In my version, I used Modern Marks Navy Herringbone, for the background so I set aside those squares from the 10×10 pack and didn’t use them in the blocks. Here’s what this quilt would look like if you chose a different fabric for the background, such as the Cream/Lime Boxes print:

Improv Squares with Cream

Pair up one set of 10×10’s (Layer Cake) with 4 yards of your favorite background print!

Check out how different it looks using the Light Blue Crossmarks print as the background: (I quickly recolored these using EQ8 from Electric Quilt.)

Imrpov Squares Light Blue Background

Grab a 10×10 bundle of Modern Marks from The Precut Store while supplies last!

Isn’t it fun to see the possibilities? Now I must share with my inspiration for this design. When I’m out running errands I drive by this broken fence. The first time I saw it I thought it would make a very cool quilt design! So there you have it – I’m often influenced by my surroundings in my everyday life and I love it whenever I come across great design inspiration!

Broken Fence

This broken fence inspired the design for Improv Squares. Inspiration is everywhere!!

Imrpov Squares by Christa Watson

If you want to purchase the needed supplies to make this quilt, click the links below.
(They are from 3 different store locations.)

Click here to purchase the PDF pattern for Improv Squares.
Click here to purchase the Modern Marks 10×10 Precuts
Click here to purchase a coordinating background (limited supplies).

Modern Puzzle Quilt – Get the Free Pattern!

Modern Puzzle is a quilt I designed and made to show off my debut fabric line from Benartex, called “Modern Marks.”

Click here to get the free Modern Puzzle pattern.

Modern Puzzle by Christa Watson

It’s full of brightly colored geometric prints that are perfect for quilts in any size and style!

Modern Puzzle Using Modern Marks

I used Modern Marks from Benartex/Contempo for this quilt – it’s bright and cheerful!

Modern Puzzle is a remake of the design I originally created called “Puzzle Box” that showed off some solid fabrics, but I never actually made the quilt. Now that my fabric is out there in the world, I was excited to see how well this design looks using prints!

Modern Marks Fabric

Modern Marks prints and Colorweave coordinates

Modern Puzzle is super fast and easy to make from 2 sets of precut strips – one bundle of colorful prints, and another set for the background. Benartex calls their precut strips “Pinwheels” but they are also known as Jelly Rolls, Pixie Strips, Rollie Polies, Roll Ups, etc. depending on the manufacturer. Each precut bundle includes 40 strips, 2 1/2″ x 42″.

Modern Marks Pinwheel from Benartex

For my quilt I used one Pinwheel of Modern Marks plus one neutral background bundle in gray/white that I asked Benartex to offer along with my fabric. I love how the neutrals really allow the brighter prints to pop!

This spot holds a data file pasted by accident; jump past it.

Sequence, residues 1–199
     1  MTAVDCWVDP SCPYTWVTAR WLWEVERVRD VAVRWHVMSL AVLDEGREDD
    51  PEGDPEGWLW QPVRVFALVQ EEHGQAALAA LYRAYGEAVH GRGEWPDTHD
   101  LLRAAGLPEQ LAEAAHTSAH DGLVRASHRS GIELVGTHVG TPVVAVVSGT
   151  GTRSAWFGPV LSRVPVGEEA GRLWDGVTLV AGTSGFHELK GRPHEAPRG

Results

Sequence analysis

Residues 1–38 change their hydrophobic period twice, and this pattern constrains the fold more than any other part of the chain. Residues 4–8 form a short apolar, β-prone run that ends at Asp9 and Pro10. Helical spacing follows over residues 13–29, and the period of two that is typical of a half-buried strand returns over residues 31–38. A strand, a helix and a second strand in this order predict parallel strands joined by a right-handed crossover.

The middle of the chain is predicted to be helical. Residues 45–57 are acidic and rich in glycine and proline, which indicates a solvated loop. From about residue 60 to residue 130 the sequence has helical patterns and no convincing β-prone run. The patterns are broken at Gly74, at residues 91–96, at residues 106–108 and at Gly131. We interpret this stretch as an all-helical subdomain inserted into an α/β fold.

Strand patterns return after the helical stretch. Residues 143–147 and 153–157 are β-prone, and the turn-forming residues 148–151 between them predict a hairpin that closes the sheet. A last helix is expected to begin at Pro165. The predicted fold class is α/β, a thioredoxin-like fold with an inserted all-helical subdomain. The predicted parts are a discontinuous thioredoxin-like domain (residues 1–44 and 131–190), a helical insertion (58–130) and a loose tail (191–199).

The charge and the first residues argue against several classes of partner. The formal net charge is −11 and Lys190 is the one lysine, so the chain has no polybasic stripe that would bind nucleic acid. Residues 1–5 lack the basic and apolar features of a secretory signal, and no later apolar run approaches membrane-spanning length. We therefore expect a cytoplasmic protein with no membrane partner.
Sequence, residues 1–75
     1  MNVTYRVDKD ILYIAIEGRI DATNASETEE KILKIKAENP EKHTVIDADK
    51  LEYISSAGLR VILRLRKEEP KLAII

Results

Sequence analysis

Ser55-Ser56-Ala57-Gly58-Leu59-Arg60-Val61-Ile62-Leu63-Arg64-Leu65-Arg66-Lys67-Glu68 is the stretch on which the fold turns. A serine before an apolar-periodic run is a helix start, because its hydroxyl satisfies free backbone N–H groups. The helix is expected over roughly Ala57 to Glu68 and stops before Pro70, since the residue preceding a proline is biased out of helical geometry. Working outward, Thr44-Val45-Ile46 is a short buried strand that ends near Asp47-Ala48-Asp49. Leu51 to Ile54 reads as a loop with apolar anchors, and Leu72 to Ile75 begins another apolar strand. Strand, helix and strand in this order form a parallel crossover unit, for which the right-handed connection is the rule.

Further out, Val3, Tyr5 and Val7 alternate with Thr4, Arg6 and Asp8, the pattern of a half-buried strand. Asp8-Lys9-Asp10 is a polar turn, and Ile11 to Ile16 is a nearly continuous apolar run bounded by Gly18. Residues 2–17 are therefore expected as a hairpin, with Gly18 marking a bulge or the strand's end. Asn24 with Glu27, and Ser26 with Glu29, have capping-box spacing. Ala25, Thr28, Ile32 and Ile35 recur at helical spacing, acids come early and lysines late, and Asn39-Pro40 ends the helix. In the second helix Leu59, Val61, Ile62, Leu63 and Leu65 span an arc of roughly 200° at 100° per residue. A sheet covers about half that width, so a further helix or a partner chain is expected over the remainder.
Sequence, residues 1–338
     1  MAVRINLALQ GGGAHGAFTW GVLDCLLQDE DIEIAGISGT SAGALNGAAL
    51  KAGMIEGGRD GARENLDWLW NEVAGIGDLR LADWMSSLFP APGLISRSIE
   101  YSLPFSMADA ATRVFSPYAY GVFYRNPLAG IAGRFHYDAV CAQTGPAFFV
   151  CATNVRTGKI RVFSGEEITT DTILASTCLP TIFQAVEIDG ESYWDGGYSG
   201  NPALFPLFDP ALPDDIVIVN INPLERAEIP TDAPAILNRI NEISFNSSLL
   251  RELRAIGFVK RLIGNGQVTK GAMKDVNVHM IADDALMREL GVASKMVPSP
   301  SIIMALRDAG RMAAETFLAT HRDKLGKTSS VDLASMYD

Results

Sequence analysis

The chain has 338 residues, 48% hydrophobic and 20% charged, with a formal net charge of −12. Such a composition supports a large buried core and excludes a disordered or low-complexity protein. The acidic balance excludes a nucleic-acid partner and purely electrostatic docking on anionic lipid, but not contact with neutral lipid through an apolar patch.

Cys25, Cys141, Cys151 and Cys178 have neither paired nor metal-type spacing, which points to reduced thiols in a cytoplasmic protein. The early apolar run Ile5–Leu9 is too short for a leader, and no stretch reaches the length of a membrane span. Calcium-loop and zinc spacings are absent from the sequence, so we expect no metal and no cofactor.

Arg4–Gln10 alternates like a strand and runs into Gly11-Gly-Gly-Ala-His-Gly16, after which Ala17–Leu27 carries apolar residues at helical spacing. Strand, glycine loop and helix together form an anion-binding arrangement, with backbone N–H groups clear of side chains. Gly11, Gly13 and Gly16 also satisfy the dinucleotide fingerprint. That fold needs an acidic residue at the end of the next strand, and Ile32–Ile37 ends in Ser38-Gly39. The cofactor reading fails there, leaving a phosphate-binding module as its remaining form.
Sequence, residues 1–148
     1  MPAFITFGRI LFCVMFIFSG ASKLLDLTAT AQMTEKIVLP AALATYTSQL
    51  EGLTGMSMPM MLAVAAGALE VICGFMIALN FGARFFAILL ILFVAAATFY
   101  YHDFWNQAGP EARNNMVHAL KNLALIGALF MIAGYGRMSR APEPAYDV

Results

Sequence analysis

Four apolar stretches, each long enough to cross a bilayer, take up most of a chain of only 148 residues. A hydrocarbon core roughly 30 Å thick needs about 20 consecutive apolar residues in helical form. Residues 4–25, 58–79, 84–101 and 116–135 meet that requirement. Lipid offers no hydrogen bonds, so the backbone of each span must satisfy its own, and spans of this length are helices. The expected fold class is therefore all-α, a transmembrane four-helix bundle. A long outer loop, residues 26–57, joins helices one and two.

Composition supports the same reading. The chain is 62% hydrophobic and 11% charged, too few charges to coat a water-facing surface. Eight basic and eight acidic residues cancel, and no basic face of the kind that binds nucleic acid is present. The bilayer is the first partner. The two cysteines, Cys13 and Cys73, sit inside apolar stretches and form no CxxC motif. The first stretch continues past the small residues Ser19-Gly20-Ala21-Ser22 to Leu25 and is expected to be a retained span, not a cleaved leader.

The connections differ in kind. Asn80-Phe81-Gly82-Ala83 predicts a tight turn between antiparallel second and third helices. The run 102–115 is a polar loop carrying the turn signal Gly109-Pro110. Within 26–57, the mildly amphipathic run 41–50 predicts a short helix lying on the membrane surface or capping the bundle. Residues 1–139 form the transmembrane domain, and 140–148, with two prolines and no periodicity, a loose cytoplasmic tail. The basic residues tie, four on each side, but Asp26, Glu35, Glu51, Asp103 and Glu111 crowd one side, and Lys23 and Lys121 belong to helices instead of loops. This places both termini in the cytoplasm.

Click here to get the Modern Marks Precuts.

Neutral Pinwheel from Benartex

Because the fabric images are finalized months before the fabric was ready, I was able to play around in Electric Quilt software to come up with lots of fun designs using my fabric. When I show the “real” quilt you’ll be amazed at how much it looks like the original drawing!

Modern Puzzle Free Pattern from Christa Watson

Modern Puzzle Designed Using EQ

Don’t you just love a snuggly, colorful quilt?? Full reveal coming soon!

Modern Puzzle by Christa Watson

Piece and Quilt Hop Along Week 3 and 4

My friends Kristin, Vicki, and HollyAnne are doing such an amazing job remaking quilts from my book Piece and Quilt with Precuts. Let’s check out what’s been happening with them the last couple of weeks:

Kristin Esser

Squiggles by Kristin Esser, from Christa Watson's book Piece and Quilt with Precuts

Kristin created a fabulous finish with her version of Squiggles from the book. Her walking foot quilting looks fantastic and she also shares a bit of free-motion quilting practice she did as she gets ready to create a second quilt from the book! You’ll need to hop over to her blog to see which one she’s going to make next!!

Click here to see Kristin’s Week 3 Progress
Click here to see Kristin’s Week 4 Progress

Vicki from My Creative Corner 3

Vicki Quilting Gridwork

Vicki finished up her Gridwork quilt top last week and has started quilting it this week. I just love the texture that quilting adds to a quilt!! She also shares more practice blocks she’s creating to make her own sampler from the book.

Click here to see Vicki’s Week 3 Progress
Click here to see Vicki’s Week 4 Progress

HollyAnne from STring and Story

Improv quilting